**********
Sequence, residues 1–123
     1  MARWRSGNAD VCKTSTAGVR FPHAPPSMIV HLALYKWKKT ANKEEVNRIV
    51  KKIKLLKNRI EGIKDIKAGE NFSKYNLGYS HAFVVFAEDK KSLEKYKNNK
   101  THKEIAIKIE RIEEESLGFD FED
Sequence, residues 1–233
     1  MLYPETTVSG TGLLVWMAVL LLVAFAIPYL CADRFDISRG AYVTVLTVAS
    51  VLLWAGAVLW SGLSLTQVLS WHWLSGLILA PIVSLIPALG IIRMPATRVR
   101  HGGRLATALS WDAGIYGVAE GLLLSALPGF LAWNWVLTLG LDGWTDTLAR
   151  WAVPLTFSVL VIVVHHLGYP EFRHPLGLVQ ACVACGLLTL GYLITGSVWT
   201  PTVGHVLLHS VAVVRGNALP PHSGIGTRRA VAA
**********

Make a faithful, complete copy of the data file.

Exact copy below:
Sequence, residues 1–123
     1  MARWRSGNAD VCKTSTAGVR FPHAPPSMIV HLALYKWKKT ANKEEVNRIV
    51  KKIKLLKNRI EGIKDIKAGE NFSKYNLGYS HAFVVFAEDK KSLEKYKNNK
   101  THKEIAIKIE RIEEESLGFD FED
Sequence, residues 1–233
     1  MLYPETTVSG TGLLVWMAVL LLVAFAIPYL CADRFDISRG AYVTVLTVAS
    51  VLLWAGAVLW SGLSLTQVLS WHWLSGLILA PIVSLIPALG IIRMPATRVR
   101  HGGRLATALS WDAGIYGVAE GLLLSALPGF LAWNWVLTLG LDGWTDTLAR
   151  WAVPLTFSVL VIVVHHLGYP EFRHPLGLVQ ACVACGLLTL GYLITGSVWT
   201  PTVGHVLLHS VAVVRGNALP PHSGIGTRRA VAA